Berkshire Hathaway (NYSE: BRK-A) (NYSE: BRK-B) has been one of the most successful long-term investments in history, and CEO Warren Buffett has earned a reputation as one of the best investors of all time. Early shareholders have become multi-millionaires, and even those who purchased shares more recently have enjoyed substantial gains over time.
Yet what many might find surprising is that there's another well-known billionaire that has a much different relationship with Berkshire Hathaway. For years, this tech pioneer has been selling off Berkshire stock. Some shareholders believe that his sales have hurt the company's stock price, but Buffett himself not only seems unconcerned with it but also even continues to make it possible for those actions to keep happening.
Here, we'll take a closer look at the story behind the biggest Berkshire stock seller of all time.
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A billionaire relationship with stock sales at its core
It was back in 2006 that Buffett himself set in motion the events that would eventually lead to these massive sales of Berkshire stock. That's when the Oracle of Omaha first announced his plans to donate what was then an estimated $31 billion to the foundation run by Microsoft (NASDAQ: MSFT) billionaire founder Bill Gates and philanthropist Melinda Gates. Buffett's involved making gradual gifts of 85% of his Berkshire Hathaway holdings to several different foundations, with the Gates Foundation getting by far the biggest chunk of the stock. As part of the gift, Buffett took a spot on the Gates Foundation board.
The initial gift of 25 million Berkshire Class B shares was worth about $1.5 billion at the time, but it was just the first in an ongoing series of annual gifts. In 2007, the Gates Foundation's holdings in the stock rose to 48.75 million shares, with further donations coming each year.
At first, the billionaire couple seemed content to have the foundation simply hold on to those shares. However, beginning in 2008, the foundation started making regular sales of the donated Berkshire stock through open-market transactions. The sales proceeded at a rate of almost exactly 10 million Class B shares per year in 2009 and 2010, and then accelerated to what has been a steady 20 million share per year rate from 2011 until now.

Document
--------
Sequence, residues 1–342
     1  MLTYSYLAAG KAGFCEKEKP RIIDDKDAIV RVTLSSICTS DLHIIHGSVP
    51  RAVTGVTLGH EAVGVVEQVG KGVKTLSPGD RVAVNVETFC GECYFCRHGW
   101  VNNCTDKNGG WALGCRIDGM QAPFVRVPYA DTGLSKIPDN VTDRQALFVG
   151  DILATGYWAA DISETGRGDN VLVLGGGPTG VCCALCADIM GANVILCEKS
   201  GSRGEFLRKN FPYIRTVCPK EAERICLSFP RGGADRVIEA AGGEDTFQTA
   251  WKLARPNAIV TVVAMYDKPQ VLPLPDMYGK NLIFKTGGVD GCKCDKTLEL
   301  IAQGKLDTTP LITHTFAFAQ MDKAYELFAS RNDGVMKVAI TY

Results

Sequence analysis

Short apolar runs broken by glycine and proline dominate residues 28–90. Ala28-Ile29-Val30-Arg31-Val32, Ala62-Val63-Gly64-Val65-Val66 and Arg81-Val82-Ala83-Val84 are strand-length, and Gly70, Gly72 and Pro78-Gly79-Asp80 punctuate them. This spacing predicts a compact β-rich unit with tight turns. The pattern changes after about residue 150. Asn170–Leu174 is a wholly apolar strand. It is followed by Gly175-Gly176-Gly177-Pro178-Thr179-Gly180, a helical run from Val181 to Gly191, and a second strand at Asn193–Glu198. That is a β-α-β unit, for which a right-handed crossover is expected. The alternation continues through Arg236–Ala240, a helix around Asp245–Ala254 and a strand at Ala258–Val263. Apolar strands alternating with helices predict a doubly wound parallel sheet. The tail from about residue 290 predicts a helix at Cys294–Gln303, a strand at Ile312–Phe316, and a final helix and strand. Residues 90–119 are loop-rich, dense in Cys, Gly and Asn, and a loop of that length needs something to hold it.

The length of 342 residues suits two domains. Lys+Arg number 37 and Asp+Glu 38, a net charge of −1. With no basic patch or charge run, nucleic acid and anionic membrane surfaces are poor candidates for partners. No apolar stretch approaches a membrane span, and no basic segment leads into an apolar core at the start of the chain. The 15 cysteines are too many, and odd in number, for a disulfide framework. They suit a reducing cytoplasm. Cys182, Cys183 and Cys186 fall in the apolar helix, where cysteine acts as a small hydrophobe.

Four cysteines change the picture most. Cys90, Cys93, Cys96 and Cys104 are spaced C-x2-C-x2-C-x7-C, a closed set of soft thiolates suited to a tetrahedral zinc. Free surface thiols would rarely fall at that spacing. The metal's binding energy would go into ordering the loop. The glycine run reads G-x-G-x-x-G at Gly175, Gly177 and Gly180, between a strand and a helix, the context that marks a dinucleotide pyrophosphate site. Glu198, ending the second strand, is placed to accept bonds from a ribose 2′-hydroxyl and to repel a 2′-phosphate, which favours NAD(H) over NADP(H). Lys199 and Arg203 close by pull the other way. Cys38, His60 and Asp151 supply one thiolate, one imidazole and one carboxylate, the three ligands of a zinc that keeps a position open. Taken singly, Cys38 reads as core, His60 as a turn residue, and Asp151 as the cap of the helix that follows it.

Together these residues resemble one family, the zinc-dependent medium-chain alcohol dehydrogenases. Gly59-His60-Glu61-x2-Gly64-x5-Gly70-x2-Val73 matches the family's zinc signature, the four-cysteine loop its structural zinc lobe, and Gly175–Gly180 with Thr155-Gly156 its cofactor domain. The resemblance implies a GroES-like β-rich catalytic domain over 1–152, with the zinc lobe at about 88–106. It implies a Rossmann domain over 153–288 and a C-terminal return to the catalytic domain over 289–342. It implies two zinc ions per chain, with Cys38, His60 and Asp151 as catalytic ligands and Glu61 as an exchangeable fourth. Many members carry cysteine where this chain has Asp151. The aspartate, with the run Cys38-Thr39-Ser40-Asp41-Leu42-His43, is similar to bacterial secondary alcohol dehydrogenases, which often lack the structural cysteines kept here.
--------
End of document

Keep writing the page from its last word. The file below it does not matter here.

Being prudent with charitable funds
At first, it might seem like a mistake for the billionaire couple and their foundation to have sold off its holdings of Berkshire stock. After all, over the past decade, those Class B shares have risen in value nearly fourfold.
Yet charitable foundations have a fiduciary duty to the public to invest their assets prudently, and part of prudent investment principles involves diversification. No matter how unlikely it might be for Berkshire Hathaway to suffer a catastrophic setback that would crush its stock's value, that theoretical possibility is a risk for those who oversee the investment of the foundation's assets. Diversifying into a broader set of investments meets those fiduciary duties.
At the same time, though, it's in the Gates Foundation's best interest not to do anything to harm the value of the assets that it's received. That explains the method that the foundation has used to sell off portions of its Berkshire stock holdings, making almost daily sales that at current prices raise almost $4 billion per year in proceeds for the foundation's charitable purposes. Indeed, the foundation has been upfront in publicizing its plans for the sales, making it clear exactly what it's doing -- and that it has Buffett's approval in doing so.
There's more where that came from
Despite all the sales, the Gates Foundation is far from running out of Berkshire Hathaway stock to sell. That's because the ongoing gifts that Buffett has made have generally replenished the foundation's position in the stock. With more than 55 million Berkshire shares in its investment portfolio, the Gates Foundation still has roughly $11 billion of its assets invested in Buffett's company -- and future gifts will continue to have a positive impact on its ability to fulfill its mission.
Usually, big sales of a stock will put big downward pressure on its price. But given the extent to which Warren Buffett has explained exactly what he's doing, Berkshire shareholders in general should be comfortable that despite ongoing sales from the Gates Foundation, their investment has further to grow in the long run.
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Teresa Kersten, an employee of LinkedIn, a Microsoft subsidiary, is a member of The Motley Fool's board of directors. Dan Caplinger owns shares of Berkshire Hathaway (B shares). The Motley Fool owns shares of and recommends Berkshire Hathaway (B shares) and Microsoft. The Motley Fool has a disclosure policy.